State of Utah v. Hansen

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State of Utah v. Hansen, Case No. 990856-CA, Filed January 11, 2001 IN THE UTAH COURT OF APPEALS

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State of Utah,
Plaintiff and Appellee,

v.

David L. Hansen,
Defendant and Appellant.

MEMORANDUM DECISION

(Not For Official Publication)

Case No. 990856-CA

F I L E D
January 11, 2001 2001 UT App 14 -----

Fourth District, Provo Department
The Honorable Ray M. Harding, Sr.

Attorneys:
Margaret P. Lindsay, Provo, for Appellant
Mark L. Shurtleff and Kenneth A. Bronston, Salt Lake City, for Appellee

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Before Judges Greenwood, Jackson, and Thorne.

THORNE, Judge:

Defendant David L. Hansen appeals from a conviction of Theft of a Motor Vehicle, a second degree felony, in violation of Utah Code Ann. §§ 76-6-404, 412 (1999).(1) We affirm.

Defendant raises the following two arguments on appeal: (1) the trial court committed plain error by failing to instruct the jury on the affirmative defenses to theft; and (2) ineffective assistance of counsel. Initially, we note that defendant failed to raise, and thus preserve, either argument below.

"As a general rule, claims not raised before the trial court may not be raised on appeal." State v. Holgate, 2000 UT 74,¶11, 10 P.3d 346 (citing State v. Marvin, 964 P.2d 313, 318 (Utah 1998)). The preservation rule, as it is known, "applies to every claim." Id. Utah does, however, recognize three exceptions to the preservation rule: (1) plain error, (2) exceptional circumstances, and (3) ineffective assistance of counsel. See State v. Irwin, 924 P.2d 5, 7 (Utah Ct. App. 1996). Accordingly, we reach the merits of defendant's arguments.

A. Plain Error

Defendant argues the trial court committed plain error by failing to instruct the jury on the affirmative defenses to theft found in Utah Code Ann. § 76-6-402(3) (1999).(2) To establish plain error, defendant must show "'(i) [a]n error exists; (ii) the error should have been obvious to the trial court; and (iii) the error is harmful.'" Holgate, 2000 UT 74 at ¶13 (citation omitted).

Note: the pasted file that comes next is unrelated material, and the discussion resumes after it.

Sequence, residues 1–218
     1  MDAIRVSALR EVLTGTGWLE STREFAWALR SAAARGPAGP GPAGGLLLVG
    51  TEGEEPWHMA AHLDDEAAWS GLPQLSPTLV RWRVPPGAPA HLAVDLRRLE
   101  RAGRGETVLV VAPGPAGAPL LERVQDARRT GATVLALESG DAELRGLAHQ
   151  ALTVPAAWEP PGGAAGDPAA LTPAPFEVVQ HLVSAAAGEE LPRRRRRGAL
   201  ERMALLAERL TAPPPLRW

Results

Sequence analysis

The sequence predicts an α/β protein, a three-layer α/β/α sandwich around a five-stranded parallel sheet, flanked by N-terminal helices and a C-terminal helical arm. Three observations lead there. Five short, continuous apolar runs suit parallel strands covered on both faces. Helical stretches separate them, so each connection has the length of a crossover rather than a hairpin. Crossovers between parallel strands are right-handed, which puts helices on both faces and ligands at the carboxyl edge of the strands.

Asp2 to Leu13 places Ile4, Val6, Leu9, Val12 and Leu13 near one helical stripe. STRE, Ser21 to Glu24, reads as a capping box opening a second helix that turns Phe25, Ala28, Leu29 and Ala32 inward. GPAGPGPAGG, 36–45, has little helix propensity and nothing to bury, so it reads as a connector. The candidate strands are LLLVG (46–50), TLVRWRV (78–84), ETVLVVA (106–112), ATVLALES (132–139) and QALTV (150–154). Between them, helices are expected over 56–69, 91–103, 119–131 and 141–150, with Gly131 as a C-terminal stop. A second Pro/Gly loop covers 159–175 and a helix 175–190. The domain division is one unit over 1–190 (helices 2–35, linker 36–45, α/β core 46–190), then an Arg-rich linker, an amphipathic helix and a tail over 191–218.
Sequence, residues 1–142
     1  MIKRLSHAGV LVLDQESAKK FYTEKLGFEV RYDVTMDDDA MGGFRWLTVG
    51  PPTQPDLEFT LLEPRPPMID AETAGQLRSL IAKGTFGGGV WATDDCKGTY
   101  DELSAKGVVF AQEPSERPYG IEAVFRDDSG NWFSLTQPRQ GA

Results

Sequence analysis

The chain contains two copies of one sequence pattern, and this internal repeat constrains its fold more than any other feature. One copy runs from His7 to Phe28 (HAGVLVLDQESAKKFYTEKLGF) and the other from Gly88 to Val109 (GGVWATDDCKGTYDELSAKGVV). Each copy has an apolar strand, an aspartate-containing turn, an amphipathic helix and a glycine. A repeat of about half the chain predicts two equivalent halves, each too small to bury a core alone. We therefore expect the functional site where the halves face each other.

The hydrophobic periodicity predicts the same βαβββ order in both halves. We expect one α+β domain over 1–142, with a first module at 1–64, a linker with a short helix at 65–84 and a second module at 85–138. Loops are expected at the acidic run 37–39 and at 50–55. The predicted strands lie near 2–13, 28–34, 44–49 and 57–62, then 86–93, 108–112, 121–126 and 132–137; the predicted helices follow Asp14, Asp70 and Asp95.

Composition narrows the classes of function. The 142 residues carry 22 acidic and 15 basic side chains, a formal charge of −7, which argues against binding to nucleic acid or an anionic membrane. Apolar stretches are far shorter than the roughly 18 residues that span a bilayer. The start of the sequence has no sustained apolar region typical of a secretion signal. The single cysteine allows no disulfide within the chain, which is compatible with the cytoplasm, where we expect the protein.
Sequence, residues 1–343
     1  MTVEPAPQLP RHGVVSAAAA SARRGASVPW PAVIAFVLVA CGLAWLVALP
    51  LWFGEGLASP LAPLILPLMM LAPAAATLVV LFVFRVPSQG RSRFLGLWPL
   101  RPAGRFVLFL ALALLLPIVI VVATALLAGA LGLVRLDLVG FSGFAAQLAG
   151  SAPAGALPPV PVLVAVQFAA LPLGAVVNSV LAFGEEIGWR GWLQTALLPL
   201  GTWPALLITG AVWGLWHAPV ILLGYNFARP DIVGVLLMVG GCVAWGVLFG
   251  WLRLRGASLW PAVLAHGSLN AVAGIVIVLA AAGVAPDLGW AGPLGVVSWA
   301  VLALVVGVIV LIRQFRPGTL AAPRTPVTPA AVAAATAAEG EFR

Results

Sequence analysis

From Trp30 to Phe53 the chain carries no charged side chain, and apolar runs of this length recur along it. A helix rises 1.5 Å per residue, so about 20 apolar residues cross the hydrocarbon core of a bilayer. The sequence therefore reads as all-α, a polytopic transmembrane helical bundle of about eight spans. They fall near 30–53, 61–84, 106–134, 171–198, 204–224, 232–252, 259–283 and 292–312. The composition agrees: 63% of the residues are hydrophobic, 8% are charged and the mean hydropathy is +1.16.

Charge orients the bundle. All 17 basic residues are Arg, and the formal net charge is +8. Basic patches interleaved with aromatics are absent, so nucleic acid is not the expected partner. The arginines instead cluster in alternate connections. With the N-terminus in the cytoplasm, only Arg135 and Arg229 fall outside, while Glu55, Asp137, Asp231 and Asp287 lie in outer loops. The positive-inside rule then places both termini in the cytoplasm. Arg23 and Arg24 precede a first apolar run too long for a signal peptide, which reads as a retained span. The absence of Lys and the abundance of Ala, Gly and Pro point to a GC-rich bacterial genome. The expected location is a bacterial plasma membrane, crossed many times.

The State concedes that an error exists and the error should have been obvious to the trial court. See id. Indeed, "[a] trial court has a duty to instruct the jury on the law applicable to the facts of the case." State v. Robertson, 932 P.2d 1219, 1231 (Utah 1997). That said, we must inquire whether the trial court's error was harmful. Specifically, we must determine whether "absent the error, there is a reasonable likelihood of a more favorable outcome for [defendant]." Holgate, 2000 UT 74 at ¶13.

In the present matter, we conclude that "there is [no] reasonable likelihood of a more favorable outcome for [defendant]." Id. First, defendant admitted having little or no money, and that he was staying with Kevin Edwards until "he could . . . get on his feet." Second, an eyewitness observed defendant put Edwards's dog, a shar pei valued at $500, in the front seat of the truck and drive off in the truck. Defendant claims he did not take the dog. Third, defendant admits he received no bill of sale for the truck, and that the title to the truck had the name of Kevin Edwards in the "Owner's transfer" section with a notary signature, and the signature of Bethany Edwards in the "New Owner's" section.

Finally, and perhaps most importantly, defendant argued during his summation to the jury that he believed he had an honest claim of right to the truck and had a right to exercise control over the truck. The jury did not believe defendant's argument and convicted him. We conclude that the trial court's failure to instruct the jury on the affirmative defenses did not affect the outcome of defendant's trial. We are not convinced that a more favorable outcome is likely had the trial court administered the instruction defendant now proposes. Accordingly, defendant's plain error argument fails.

B. Ineffective Assistance of Counsel

Defendant argues that he was denied effective assistance of counsel. We disagree. To successfully claim ineffective assistance of counsel, defendant must "'(i) identify specific acts or omissions by counsel that fall below the standard of reasonable professional assistance . . ., and (ii) demonstrate that counsel's error prejudiced . . . defendant.'" State v. Parker, 2000 UT 51,¶10, 4 P.3d 778 (citation omitted).

The State concedes that "defendant's trial counsel was deficient in failing to request a jury instruction encompassing the[] two statutory defenses." We agree. However, for the reasons listed above, we conclude that defendant's trial counsel's error did not prejudice defendant. See id. Accordingly, defendant's ineffective assistance of counsel claim fails.

Defendant's conviction is affirmed.
 
 
 
 

______________________________
William A. Thorne, Jr., Judge -----

WE CONCUR:
 
 
 

______________________________
Pamela T. Greenwood,
Presiding Judge
 
 
 

______________________________
Norman H. Jackson,
Associate Presiding Judge

1. Because the statutory provisions in effect at the relevant time do not materially differ from the provisions currently in effect, we cite to the most recent statutory provisions for convenience.

2. Because the statutory provision in effect at the relevant time does not materially differ from the provision currently in effect, we cite to the most recent statutory provision for convenience.